DARIEN, Conn. -- The growing problem of heroin addiction in Darien was partly the inspiration for opening satellite offices of Manhattan Marriage and Family Therapy in Darien and Stamford.
The practice will focus on addiction, prevention, and recovery, and help families heal, as well as couples therapy. Licensed marriage and family therapist Amanda Craig, PhD is the board approved Supervisor and Clinical Director at the Connecticut offices.
"Often I work with couples, parents and children, adult children and parents, siblings, and premarital couples," she said. "In therapy with parents and adolescents, I work with parents on improving how they listen to their teenagers but also set and follow through with consistent boundaries."
Craig has expertise in depression, anxiety, addiction, life harmony, and relationship issues such as communication, conflict resolution, and infidelity. Much of her career has been focused on studying and understanding the root causes and lifestyle choices that lead to substance abuse and other self-destructive behaviors.
Craig believes that family and lifestyle harmony is the key to preventing substance abuse. Her therapy work addresses the mounting pressures that lead people to the respite of drugs and other substances, she told Daily Voice.
One of the ways she'll address this locally is in teaching an acclaimed Life Harmony workshop. It aims to alleviate the stress of high-pressure lifestyle and creating balance.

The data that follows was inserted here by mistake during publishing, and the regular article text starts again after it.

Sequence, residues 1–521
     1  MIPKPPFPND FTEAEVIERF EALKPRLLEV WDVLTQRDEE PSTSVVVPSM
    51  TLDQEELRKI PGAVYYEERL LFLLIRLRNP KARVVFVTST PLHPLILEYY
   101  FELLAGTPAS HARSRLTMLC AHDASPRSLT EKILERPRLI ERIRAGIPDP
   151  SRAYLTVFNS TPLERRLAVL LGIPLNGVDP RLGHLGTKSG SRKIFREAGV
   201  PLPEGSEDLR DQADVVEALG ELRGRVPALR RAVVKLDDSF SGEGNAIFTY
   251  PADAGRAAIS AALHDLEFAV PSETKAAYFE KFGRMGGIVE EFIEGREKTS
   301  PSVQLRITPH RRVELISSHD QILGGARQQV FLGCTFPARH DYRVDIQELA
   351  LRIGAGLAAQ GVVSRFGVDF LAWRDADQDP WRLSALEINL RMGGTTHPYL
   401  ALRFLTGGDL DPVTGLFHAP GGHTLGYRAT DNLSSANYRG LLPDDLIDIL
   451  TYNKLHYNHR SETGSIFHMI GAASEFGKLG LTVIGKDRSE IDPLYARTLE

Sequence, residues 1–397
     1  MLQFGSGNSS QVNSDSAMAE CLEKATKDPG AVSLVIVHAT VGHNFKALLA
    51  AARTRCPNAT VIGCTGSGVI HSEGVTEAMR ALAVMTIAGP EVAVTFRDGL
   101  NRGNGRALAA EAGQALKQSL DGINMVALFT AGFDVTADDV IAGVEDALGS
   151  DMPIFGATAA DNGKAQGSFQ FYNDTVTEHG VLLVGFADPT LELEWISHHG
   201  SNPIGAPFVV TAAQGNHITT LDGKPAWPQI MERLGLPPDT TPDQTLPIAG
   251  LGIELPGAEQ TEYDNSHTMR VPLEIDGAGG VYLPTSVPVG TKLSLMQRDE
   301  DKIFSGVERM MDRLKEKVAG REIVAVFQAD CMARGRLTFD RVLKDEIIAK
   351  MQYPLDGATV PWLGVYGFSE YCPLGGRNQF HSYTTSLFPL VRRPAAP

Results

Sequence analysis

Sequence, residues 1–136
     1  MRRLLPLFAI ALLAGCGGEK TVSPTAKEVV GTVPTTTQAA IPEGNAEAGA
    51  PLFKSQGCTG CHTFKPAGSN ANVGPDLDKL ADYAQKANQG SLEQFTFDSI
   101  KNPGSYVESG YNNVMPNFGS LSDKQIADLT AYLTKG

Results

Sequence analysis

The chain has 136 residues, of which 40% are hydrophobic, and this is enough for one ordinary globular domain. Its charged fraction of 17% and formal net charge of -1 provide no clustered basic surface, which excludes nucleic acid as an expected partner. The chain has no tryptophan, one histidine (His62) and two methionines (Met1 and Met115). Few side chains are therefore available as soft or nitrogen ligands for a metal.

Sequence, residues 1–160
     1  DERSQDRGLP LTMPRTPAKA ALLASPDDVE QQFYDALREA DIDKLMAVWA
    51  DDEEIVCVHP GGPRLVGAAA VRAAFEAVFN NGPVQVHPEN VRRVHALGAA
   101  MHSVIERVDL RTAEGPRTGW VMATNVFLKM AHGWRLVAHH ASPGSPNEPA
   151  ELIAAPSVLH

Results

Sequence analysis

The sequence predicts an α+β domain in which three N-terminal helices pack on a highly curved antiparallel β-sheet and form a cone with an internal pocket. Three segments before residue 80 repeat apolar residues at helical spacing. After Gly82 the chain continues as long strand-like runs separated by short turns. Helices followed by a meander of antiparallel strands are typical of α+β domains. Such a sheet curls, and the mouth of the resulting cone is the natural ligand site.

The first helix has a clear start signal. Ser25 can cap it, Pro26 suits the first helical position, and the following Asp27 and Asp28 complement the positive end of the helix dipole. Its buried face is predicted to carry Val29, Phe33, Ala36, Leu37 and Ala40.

"Where there is abundance it is easy to become accustomed to a fast pace lifestyle," she explained. "Schedules are busy, kids are involved in a lot of activities, expenses are high, work hours are long, people are overwhelmed and depleted."
"Once we get there we either recognize we need to reevaluate and make changes to find calm again or we find shortcuts to cope with all of the stress," Craig continued.
Alcohol, illegal drugs, prescriptions drugs, pornography, and affairs are what she calls "shortcut escapes." They give instant gratification, relief, and calmness to individuals.
"But as we all know. It's not calmness. It just makes things worse. And worse means we find ourselves having performance issues, marital problems, we are modeling behaviors for our children we don't feel good about, and we don't feel good about ourselves. So we want to go back to that instant gratification again," Craig said.
The cycle is hard to break so people hit rock bottom, she noted.
"It's the place we end up when there is nothing left. Denial no more. We are so fortunate in Fairfield county to have the resources we have. My hope is we find what really inspires us and leave the rest behind."
For more information, email firstname.lastname@example.org or click here for MFT's website.
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